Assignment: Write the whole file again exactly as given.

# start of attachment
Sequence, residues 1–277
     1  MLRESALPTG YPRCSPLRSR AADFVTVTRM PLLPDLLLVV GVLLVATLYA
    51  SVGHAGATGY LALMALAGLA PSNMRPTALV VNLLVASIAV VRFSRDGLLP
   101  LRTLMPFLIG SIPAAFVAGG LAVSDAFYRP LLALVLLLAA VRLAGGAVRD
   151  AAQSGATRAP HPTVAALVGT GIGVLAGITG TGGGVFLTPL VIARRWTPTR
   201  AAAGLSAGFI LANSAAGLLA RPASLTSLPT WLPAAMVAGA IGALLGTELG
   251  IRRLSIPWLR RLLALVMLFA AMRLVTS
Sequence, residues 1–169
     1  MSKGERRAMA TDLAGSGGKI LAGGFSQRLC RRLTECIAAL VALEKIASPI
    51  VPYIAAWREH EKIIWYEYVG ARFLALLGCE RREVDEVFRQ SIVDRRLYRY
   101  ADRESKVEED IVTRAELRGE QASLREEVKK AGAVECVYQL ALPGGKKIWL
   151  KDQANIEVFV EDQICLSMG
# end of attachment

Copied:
Sequence, residues 1–277
     1  MLRESALPTG YPRCSPLRSR AADFVTVTRM PLLPDLLLVV GVLLVATLYA
    51  SVGHAGATGY LALMALAGLA PSNMRPTALV VNLLVASIAV VRFSRDGLLP
   101  LRTLMPFLIG SIPAAFVAGG LAVSDAFYRP LLALVLLLAA VRLAGGAVRD
   151  AAQSGATRAP HPTVAALVGT GIGVLAGITG TGGGVFLTPL VIARRWTPTR
   201  AAAGLSAGFI LANSAAGLLA RPASLTSLPT WLPAAMVAGA IGALLGTELG
   251  IRRLSIPWLR RLLALVMLFA AMRLVTS
Sequence, residues 1–169
     1  MSKGERRAMA TDLAGSGGKI LAGGFSQRLC RRLTECIAAL VALEKIASPI
    51  VPYIAAWREH EKIIWYEYVG ARFLALLGCE RREVDEVFRQ SIVDRRLYRY
   101  ADRESKVEED IVTRAELRGE QASLREEVKK AGAVECVYQL ALPGGKKIWL
   151  KDQANIEVFV EDQICLSMG